A brief description of the institution's efforts to make materials available online by default rather than printing them:

Oberlin used to print course catalogs and directories and distribute them widely. Now directories are no longer printed and a small number of course catalogs are printed for a limited number of specific purposes. The course catalog, course registration and the directory are all available online.

A brief description of any limits on paper and ink consumption employed by the institution:

Students are given a print quota each semester and must add money to their card if they exceed that limit. Departments are given a particular printing allocation to curb excessive printing of materials. Many departments have default settings marked to print double-sided. Computer labs on campus are now automatically on duplex printing settings.

A brief description of any programs employed by the institution to reduce residence hall move-in/move-out waste:

The Resource Conservation Team runs the Little and Big Swap, which collects students' unwanted items, at the end of each semester. In 2012 for the first time, the RCT ran the Fresh Swap specifically for first year students to find items they need for their dorms (i.e. hangers, trash cans, school supplies, etc.) that they might otherwise purchase. Throughout the school year they also run the Free Store.

A brief description of any other (non-food) waste minimization strategies employed by the institution:

Grounds collects all yard waste to compost and reuse in flower beds.

Oberlin College has had an informal printing toner and ink cartridge recycling program in place for a few years. In 2013-2014, the Sustainable Purchasing Intern conducted research on different programs, talked with staff, and initiated a new cartridge recycling program to be rolled out across campus.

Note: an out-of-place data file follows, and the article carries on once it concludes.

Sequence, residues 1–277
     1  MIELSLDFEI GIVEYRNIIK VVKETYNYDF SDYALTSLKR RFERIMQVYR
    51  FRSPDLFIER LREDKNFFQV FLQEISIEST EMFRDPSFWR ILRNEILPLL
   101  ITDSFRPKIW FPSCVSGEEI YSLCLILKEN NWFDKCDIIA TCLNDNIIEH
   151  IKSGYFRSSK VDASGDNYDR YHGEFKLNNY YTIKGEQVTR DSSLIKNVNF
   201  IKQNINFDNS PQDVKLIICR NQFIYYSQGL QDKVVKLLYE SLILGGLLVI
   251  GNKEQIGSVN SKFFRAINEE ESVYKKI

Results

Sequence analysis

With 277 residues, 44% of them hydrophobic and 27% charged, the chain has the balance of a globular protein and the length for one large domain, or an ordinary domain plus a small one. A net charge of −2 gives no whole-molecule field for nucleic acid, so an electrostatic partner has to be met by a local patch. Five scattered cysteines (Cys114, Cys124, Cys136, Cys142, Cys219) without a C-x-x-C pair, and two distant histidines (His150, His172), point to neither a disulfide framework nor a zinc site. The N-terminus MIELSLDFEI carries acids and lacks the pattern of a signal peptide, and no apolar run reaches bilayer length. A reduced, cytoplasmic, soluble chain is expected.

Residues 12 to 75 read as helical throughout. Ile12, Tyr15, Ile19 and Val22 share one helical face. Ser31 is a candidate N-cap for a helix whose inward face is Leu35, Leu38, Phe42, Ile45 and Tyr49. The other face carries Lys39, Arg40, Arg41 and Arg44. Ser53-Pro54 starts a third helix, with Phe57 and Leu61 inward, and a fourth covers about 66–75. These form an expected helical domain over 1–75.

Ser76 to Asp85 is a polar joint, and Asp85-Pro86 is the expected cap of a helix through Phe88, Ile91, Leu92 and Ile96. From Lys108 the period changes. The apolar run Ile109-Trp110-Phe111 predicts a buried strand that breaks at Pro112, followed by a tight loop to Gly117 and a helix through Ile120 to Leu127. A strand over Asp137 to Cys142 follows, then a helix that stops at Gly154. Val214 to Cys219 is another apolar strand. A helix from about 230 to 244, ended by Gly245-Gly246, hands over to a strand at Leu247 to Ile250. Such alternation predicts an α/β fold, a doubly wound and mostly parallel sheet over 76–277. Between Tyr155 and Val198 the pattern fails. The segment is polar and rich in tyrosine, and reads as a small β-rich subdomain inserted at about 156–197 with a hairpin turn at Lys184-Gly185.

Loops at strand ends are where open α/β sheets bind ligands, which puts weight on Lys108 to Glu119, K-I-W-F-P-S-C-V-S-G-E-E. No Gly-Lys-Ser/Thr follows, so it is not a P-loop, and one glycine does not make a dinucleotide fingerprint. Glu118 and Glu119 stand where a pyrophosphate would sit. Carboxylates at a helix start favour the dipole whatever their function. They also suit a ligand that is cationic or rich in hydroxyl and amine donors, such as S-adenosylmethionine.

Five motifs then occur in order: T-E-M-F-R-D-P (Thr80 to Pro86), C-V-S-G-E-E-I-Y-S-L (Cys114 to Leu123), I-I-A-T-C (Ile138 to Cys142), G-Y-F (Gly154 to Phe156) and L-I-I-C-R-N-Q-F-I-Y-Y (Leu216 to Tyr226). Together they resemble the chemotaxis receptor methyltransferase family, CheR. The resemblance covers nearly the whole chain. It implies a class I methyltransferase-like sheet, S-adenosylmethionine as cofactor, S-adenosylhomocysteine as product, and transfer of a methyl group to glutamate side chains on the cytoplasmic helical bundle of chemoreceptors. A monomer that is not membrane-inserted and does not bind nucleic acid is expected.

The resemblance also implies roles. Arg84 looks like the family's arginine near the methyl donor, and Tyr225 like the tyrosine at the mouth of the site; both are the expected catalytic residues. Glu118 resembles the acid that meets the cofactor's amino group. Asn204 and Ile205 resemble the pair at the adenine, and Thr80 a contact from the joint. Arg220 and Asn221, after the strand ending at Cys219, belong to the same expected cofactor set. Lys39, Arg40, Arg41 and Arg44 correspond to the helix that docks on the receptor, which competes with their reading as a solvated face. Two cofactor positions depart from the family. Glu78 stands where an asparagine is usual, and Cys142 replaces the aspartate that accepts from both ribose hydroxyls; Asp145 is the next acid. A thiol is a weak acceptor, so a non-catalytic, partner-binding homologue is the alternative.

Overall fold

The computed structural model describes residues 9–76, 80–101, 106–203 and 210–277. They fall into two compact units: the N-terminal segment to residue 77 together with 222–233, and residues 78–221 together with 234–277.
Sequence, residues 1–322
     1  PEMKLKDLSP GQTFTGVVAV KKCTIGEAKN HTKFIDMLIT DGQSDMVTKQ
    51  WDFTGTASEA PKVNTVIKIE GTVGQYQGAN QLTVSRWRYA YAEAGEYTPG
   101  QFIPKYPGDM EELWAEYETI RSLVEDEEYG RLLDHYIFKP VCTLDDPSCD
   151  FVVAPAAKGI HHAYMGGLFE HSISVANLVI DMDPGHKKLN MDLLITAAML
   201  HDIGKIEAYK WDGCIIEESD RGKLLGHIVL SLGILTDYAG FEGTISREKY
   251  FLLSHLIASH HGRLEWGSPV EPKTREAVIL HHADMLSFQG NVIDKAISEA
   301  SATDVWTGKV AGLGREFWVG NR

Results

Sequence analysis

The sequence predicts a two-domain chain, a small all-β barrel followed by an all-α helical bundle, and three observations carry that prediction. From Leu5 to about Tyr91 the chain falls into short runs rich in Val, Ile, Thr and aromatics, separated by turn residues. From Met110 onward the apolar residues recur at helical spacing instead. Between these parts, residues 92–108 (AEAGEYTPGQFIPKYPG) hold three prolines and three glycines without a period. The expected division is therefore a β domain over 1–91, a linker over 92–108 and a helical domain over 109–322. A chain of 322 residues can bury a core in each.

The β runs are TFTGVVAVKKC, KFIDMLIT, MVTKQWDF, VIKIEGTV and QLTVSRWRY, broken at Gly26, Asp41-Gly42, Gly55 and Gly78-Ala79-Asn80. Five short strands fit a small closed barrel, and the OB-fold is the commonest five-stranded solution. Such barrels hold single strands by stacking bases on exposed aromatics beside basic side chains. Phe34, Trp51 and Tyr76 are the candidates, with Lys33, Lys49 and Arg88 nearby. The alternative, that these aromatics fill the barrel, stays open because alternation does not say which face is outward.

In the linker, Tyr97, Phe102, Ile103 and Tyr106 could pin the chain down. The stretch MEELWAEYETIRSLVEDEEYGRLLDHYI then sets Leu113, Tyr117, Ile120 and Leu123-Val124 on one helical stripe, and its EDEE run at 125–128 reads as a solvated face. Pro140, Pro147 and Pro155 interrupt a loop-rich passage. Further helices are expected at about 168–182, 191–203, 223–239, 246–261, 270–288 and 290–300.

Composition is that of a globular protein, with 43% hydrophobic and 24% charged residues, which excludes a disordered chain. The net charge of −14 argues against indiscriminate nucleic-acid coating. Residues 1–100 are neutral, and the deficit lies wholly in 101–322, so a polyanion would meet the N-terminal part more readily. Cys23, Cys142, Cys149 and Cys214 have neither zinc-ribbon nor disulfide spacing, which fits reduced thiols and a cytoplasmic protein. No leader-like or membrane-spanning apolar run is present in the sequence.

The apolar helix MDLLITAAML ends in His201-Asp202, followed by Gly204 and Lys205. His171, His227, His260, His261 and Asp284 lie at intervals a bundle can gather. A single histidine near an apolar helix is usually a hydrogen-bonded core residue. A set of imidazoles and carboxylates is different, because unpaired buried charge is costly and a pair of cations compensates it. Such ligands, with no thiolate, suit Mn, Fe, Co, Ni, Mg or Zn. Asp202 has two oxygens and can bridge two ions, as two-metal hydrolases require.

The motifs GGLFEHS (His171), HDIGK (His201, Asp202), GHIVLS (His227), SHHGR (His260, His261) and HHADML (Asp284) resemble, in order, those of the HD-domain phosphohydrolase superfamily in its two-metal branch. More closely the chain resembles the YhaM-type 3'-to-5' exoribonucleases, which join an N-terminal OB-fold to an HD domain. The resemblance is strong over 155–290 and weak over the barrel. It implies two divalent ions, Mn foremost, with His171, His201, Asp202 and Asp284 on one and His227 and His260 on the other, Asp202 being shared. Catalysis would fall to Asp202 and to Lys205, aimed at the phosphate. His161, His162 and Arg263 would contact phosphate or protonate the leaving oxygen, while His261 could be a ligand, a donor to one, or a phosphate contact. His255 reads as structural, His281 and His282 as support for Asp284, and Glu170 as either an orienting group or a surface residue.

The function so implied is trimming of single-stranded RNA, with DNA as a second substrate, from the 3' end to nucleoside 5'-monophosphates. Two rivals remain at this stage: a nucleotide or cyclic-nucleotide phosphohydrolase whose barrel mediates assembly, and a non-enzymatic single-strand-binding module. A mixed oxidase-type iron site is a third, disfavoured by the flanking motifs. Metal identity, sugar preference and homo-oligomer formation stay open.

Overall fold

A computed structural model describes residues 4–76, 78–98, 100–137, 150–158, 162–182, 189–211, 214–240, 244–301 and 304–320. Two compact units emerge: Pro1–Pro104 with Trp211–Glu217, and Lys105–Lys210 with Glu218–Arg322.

A brief description of any food waste audits employed by the institution:

The CDS Recyclers and the Resource Conservation Team have performed informal audits at various events and dining halls on campus.

A brief description of any programs and/or practices to track and reduce pre-consumer food waste in the form of kitchen food waste, prep waste and spoilage:

CDS employees keep tabs on which foods sell and adjust their production accordingly.

A brief description of programs and/or practices to track and reduce post-consumer food waste:

In Stevenson in 2012-2014 CDS employees were asked to keep specific track of food leftovers and food temperatures. This way the College would know what foods are not being eaten and we'd be able to begin participating in food rescue (health code requires that food temperatures must be meticulously tracked in order to be deemed safe to be eaten).